Atheism does not meet that definition because

-Atheism only has one part at most (there is no god) It cannot be a system or a belief system.

-Atheism does not have enough far reaching implications to be a world view. "There is no God or gods" ... ok, NOW what? It doesn't lead anywhere.

-There are no narratives symbols, sacred histories or traditions.

-Atheism does not itself explain the origin of life or the universe.

-Atheism does not provide ethics, morality, or lifestyle.

-Atheism does not connect one to a spiritual being. While there's technically nothing in the definition of being an atheist that would preclude one from dealing with ghosts or spirits, such dealings are rules are not inherent to atheism itself.

There's nothing magical about it. Shinto has no God but it has thousands of spirits, some of which qualify as gods. These spirits interact with humanity, and have certain rules for how people should act towards them. Shinto is a religion because it prescribes certain rules and actions, like getting a priest to bless your new house or regular purification.

Quote:
Debate in religion leading to a net positive?

That really, really didn't make your point. I have no idea why you think it did. Yes, there was debate. I'm unsure why you think that said debate is why slaves weren't very fond of slavery as opposed to their own first hand experience with the level of misery that being a slave brought.

I'm also unsure why the paper thought that teaching the slaves Christianity was inimical to slavery. Many slave manuals of the period recommended it.


Sebastian wrote:
Mykull wrote:

My religion requires one assumption: God exists.

Even if that assumption is given, how does one go from "God exists" to "the Bible accurately describes the God that exists"?

Also, I'm not sure that having one assumption be "magic makes things work!" is really what Occam's Razor is about. Every event ever can be "explained" with that assumption.

Why do books fall when I drop them?

God.

Why can't I see in the dark?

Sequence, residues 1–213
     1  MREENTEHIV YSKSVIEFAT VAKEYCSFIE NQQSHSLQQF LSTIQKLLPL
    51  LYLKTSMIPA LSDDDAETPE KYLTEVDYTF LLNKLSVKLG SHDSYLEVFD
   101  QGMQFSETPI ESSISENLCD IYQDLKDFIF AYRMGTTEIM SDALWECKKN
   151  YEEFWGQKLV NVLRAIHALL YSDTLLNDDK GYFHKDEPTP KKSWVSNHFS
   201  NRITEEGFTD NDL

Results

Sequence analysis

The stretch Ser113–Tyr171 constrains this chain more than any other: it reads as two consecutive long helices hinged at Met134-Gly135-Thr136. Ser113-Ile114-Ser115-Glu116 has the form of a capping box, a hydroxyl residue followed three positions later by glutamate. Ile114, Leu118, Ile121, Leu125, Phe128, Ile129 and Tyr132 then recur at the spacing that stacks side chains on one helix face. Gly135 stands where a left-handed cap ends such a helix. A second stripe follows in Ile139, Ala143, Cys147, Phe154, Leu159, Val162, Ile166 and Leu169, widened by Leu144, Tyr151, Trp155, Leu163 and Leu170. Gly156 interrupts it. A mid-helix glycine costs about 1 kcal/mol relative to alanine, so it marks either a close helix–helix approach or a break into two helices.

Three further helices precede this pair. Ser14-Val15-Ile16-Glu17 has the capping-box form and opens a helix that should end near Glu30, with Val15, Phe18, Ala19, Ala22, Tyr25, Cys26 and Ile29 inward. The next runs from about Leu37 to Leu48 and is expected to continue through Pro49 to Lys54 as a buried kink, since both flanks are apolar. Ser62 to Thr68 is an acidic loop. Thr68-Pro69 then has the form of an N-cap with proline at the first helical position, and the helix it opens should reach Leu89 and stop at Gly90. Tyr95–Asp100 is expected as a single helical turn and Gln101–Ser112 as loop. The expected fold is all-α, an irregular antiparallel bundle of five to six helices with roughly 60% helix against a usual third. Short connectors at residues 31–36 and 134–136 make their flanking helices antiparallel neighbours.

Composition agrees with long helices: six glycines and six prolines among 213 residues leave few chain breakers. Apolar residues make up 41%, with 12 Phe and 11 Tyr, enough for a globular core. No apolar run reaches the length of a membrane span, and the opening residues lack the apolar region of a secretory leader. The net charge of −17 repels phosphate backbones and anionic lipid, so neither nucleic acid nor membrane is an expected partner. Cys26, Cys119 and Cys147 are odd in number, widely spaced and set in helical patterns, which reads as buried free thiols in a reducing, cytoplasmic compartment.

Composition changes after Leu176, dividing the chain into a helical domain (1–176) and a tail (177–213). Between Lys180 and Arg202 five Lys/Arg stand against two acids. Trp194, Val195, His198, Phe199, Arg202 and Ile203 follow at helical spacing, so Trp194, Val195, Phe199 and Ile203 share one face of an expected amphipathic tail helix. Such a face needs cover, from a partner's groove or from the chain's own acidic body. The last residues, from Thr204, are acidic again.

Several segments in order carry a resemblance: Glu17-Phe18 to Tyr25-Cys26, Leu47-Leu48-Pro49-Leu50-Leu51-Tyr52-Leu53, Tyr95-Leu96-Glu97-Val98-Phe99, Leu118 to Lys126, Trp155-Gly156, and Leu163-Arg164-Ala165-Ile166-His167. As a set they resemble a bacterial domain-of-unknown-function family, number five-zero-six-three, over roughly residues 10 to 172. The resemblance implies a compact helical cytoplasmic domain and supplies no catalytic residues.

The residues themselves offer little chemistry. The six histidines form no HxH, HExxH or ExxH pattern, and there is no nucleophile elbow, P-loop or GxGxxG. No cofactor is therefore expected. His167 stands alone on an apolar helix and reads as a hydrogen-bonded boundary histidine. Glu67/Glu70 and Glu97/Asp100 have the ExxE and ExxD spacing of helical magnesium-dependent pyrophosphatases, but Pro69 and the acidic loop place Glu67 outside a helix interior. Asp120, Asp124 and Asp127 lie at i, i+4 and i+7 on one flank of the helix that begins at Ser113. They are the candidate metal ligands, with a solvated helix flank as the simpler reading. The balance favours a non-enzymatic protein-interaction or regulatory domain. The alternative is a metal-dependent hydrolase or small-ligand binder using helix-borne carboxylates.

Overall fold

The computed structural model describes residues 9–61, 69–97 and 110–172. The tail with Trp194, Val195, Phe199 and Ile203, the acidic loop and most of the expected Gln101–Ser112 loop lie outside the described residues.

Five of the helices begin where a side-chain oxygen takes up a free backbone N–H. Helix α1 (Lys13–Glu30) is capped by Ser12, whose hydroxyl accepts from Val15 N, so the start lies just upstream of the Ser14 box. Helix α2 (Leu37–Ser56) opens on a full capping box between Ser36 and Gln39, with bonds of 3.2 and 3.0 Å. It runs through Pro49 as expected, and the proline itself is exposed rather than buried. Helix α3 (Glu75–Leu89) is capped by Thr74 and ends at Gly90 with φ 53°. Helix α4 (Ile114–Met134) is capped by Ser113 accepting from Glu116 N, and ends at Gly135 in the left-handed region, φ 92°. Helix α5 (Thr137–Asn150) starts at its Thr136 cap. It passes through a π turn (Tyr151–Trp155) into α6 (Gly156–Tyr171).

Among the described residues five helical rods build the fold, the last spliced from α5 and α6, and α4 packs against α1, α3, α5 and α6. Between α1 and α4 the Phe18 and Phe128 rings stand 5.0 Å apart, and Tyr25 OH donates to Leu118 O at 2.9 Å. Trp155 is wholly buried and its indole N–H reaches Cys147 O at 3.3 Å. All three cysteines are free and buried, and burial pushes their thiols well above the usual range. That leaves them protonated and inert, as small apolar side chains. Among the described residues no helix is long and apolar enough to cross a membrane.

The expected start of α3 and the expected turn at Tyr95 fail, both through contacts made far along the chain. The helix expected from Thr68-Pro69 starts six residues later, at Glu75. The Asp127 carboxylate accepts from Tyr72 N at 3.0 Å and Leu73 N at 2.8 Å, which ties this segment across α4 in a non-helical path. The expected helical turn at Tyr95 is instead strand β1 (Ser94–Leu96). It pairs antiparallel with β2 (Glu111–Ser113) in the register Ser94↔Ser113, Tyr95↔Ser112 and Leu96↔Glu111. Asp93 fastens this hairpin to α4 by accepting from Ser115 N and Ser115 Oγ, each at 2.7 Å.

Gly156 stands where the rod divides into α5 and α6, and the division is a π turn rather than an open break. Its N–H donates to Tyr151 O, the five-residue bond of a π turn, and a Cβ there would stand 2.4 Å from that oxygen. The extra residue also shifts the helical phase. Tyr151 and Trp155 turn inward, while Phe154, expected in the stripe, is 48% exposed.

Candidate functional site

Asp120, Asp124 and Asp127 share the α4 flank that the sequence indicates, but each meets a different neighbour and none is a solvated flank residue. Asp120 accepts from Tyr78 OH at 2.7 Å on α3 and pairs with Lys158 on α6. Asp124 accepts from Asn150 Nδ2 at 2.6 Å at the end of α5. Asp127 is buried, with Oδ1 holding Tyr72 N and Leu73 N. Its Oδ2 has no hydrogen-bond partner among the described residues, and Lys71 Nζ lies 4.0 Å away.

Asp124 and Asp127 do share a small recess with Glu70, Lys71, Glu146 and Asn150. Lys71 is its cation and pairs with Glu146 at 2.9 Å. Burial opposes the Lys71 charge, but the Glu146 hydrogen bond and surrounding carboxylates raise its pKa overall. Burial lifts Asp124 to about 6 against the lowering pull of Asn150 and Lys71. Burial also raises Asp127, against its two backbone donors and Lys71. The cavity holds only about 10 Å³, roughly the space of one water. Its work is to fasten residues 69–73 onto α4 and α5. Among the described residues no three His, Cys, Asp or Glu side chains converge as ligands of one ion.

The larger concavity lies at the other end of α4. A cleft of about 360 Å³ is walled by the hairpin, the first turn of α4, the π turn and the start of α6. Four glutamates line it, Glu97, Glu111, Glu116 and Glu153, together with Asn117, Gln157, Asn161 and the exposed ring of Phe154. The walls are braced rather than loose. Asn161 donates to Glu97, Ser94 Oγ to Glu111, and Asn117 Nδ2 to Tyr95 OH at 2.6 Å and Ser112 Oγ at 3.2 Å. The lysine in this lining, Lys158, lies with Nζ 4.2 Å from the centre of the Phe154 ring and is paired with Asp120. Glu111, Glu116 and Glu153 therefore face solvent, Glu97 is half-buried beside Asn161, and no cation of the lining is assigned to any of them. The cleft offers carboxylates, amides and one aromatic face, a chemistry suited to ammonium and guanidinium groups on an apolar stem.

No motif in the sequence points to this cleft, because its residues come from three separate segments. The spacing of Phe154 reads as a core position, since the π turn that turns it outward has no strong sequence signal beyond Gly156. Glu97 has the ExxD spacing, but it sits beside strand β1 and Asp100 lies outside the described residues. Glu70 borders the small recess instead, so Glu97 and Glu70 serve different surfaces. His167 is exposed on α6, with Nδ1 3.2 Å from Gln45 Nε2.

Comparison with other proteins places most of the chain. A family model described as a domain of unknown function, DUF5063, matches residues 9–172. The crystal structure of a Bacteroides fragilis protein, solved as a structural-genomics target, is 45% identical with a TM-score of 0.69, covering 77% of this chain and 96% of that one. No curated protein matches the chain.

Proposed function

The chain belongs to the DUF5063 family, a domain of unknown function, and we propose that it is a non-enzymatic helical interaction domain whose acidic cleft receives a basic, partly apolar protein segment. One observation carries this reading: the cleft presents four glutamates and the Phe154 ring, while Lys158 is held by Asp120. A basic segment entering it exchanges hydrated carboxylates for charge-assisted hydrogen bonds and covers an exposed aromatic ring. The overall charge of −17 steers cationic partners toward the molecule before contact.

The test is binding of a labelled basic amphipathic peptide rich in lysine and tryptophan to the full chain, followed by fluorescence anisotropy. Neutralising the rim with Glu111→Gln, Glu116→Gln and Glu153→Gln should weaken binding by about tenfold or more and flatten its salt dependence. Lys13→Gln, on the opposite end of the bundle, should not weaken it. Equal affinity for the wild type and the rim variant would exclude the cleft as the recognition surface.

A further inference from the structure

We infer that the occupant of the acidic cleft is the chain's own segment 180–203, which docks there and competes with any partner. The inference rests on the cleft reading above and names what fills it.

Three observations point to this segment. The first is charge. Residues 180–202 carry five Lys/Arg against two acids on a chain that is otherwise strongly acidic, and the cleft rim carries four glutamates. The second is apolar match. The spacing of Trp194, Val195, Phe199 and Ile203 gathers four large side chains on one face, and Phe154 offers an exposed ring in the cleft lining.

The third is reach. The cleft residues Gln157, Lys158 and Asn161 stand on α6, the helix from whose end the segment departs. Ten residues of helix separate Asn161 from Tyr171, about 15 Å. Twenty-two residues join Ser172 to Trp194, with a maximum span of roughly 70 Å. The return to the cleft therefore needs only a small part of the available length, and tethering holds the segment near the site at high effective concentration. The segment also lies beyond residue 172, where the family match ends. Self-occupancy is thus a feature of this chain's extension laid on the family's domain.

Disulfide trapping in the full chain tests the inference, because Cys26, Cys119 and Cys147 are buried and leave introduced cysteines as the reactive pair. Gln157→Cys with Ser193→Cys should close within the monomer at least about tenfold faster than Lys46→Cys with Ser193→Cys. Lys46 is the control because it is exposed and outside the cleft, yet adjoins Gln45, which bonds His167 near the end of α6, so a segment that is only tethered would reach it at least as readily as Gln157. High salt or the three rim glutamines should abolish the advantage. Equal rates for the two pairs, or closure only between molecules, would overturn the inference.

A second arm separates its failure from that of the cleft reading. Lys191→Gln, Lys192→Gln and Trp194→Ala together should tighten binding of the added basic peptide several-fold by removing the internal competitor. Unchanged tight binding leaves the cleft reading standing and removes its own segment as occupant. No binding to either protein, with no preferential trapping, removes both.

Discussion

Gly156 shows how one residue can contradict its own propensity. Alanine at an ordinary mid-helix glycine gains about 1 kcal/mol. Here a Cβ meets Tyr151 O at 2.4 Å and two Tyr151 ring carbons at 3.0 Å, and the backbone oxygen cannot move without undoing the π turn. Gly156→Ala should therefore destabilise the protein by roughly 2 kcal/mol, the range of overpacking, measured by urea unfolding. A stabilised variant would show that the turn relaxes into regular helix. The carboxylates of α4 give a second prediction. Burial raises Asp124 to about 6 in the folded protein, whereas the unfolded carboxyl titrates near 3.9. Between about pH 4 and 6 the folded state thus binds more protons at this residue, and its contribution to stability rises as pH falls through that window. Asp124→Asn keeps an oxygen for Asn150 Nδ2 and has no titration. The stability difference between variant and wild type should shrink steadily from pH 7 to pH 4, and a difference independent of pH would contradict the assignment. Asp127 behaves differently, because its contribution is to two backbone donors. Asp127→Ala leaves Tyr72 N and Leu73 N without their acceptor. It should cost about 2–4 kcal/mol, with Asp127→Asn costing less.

God.

Why don't people regrow lost limbs?

God.

Pretty useless explanation for the physical world.

I was looking for rules on how to regrow lost limbs and came upon this awesome thread. So aside from God is there a Pathfinder game mechanic for regrowing lost limbs?


That is an excellent avatar, Humphrey.

I can't help with your question, though.

Shadow Lodge

Regenerate


BigNorseWolf wrote:

Regenerate

Doesn't that fail to meet the "aside from God" criteria? :)


You can get it cast by a druid, you nasty, nasty troll.

[Flamewar on]


Witches can cast Regenerate too.


Lux in Arcana


Are there any Hindus on the board? I have not done much research on Hinduism and what little I have done has only confused me. I have at least two co-workers who are Hindu, but we have not had many opportunities for lengthy discussions. One we did have was rather enlightening. She said that she believed the many gods of Hinduism were simply the many aspects of the cosmos. Therefore, in her interpretation at least, Hinduism is not really polytheism.

I am very curious if this belief is held by many/most Hindus. Since the Christian vs. Atheists posting has seemed to quiet down a bit for now, I would love to discuss Hinduism with real, live Hindus providing they are willing. Also, run on sentences: fun and profit or the Devil's work?


CourtFool wrote:
fun and profit or the Devil's work?

are the two mutually exclusive?


Point. Get JP Morgan on the line.


Play's cancellation 'right thing to do,' Dewhurst says

I was not aware of this when it went down, back in March 2010. Was this a matter of Free Speech or does the State have a right to tell universities what they can and can not do with State funds? If they do have that right, should they use it in this manner?

I am rather conflicted. Something tells me Dewhurst would not have made a peep if the play had mocked Islam, Judaism or any other religion for that matter. So I can not help but think this smells a bit of suppression.


CourtFool wrote:
Are there any Hindus on the board? I have not done much research on Hinduism and what little I have done has only confused me. I have at least two co-workers who are Hindu, but we have not had many opportunities for lengthy discussions. One we did have was rather enlightening. She said that she believed the many gods of Hinduism were simply the many aspects of the cosmos. Therefore, in her interpretation at least, Hinduism is not really polytheism.

I am not a Hindu, but since no one else has replied:

My understanding of Hinduism is that it is a wide body of belief and that, between its billion practitioners, there are many, many conflicting interpretations.

Kind of like how ancient Greek religion just adopted new deities from wherever and added them into the pantheon and never bothered about continuity or regularity from city-state to city-state. I don't have any concrete examples from Hinduism, but I believe, for example, that Ganesh and Kali were regional deities that got thrown into the mix. Add to that all of the other religions and combo religions that have passed through the Indian subcontinent over the past thousand or so years, throw in some modern philosophizing, and you get a great big bag of undifferentiated mush all collectively referred to as Hinduism.